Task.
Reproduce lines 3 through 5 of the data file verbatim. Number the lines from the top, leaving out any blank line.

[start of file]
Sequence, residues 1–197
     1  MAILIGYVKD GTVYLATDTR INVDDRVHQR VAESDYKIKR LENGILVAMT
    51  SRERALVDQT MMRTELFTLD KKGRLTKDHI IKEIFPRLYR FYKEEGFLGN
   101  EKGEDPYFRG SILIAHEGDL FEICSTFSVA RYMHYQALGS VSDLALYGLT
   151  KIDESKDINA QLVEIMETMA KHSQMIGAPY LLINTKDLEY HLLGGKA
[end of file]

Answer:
    51  SRERALVDQT MMRTELFTLD KKGRLTKDHI IKEIFPRLYR FYKEEGFLGN
   101  EKGEDPYFRG SILIAHEGDL FEICSTFSVA RYMHYQALGS VSDLALYGLT
   151  KIDESKDINA QLVEIMETMA KHSQMIGAPY LLINTKDLEY HLLGGKA